Pastor: Rev. Dismas Veeneman, O.F.M. Conv.
In Residence: Rev. Adam Bunnell, O.F.M. Conv., Rev. Camillus Gott, O.F.M. Conv., Rev. Charles McCarthy, O.F.M. Conv.
Permanent Deacon: Gary W. Fowler
Faith Formation Director: Amy Gaekle
School Principal: Jennifer Burba
Youth Minister: Jennifer Heitkamper
Director of Music and Liturgy: Anthony Ransom
Business Manager: Thomas Brown
Office Manager: Dean Sears
Sundays — Sat evening: 4 p.m.; Sun: 7:30 a.m., 9:30 a.m., 11:30 a.m.
Holy Days — Holy Day: 8:15 a.m., 7 p.m.
Daily — Mon–Sat: 8:15 a.m.
Saturdays — 3 p.m.
24 hours per day, 7 days per week.
The history of St. Paul has its roots in the establishment of St. Andrew Parish in 1851. St. Andrew was located in what is now St. Andrew Cemetery on St. Anthony Church Road. In what had once been considered Jefferson County’s unhealthiest region because of swamps, peat bogs, offensive vapors, plagues, malaria, and other diseases, St. Andrew—called “the church on the hill”—served the sturdy pioneer settlers for fifty-seven years until it closed in 1907.
The first church at St. Paul’s present location was built in 1909, and at that time the parish was placed under the care of the Conventual Franciscan Friars. In 1958, the present church was constructed. The stones used in the sanctuary of today’s worship space and the large statues of Saint Paul and Saint Francis are from the original St. Andrew Church. The parish cemetery where St. Andrew stood is owned and maintained by St. Paul and is still used by parishioners and others who wish to be buried there. An outdoor shrine to Mary also stands on the spot of the original St. Andrew Parish.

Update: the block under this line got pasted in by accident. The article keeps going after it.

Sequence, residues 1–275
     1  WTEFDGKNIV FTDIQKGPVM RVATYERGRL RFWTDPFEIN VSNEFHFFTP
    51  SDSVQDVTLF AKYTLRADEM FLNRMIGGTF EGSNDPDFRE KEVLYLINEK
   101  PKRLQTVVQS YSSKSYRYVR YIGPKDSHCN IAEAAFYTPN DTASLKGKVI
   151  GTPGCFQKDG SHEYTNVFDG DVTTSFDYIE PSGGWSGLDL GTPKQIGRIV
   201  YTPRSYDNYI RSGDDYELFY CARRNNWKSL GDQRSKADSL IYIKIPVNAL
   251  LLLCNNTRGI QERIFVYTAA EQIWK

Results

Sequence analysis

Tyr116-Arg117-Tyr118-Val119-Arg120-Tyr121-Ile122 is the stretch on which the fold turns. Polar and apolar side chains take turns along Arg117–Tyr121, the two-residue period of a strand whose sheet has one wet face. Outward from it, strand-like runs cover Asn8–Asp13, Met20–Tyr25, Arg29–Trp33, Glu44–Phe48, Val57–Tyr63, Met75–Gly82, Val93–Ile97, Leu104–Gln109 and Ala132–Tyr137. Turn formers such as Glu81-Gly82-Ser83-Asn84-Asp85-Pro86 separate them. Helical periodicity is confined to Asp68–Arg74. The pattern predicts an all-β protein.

The Sisters of Mercy came to St. Paul in 1910 to teach nineteen students in the school. The present school building was constructed in 1941 and was enlarged in 1953, when enrollment had grown to 1,100 students. St. Paul School remains a vital part of the parish.
St. Paul became the mother church (wholly or in part) of at least eight other parishes. Changes to parish boundaries shrank the area served. Local residents were predominately Catholic or Baptist during the 1950s, but as the population grew, other denominations also built churches.
Conventual Franciscan Friars have been St. Paul’s pastors since 1909. These sincere and effective homilists have formed deep bonds with parishioners, both as a group and as individuals. St. Paul Parish, with around 1,900 parishioners, has a rich history in the Pleasure Ridge Park neighborhood and has made many contributions to the spiritual and educational needs of the community.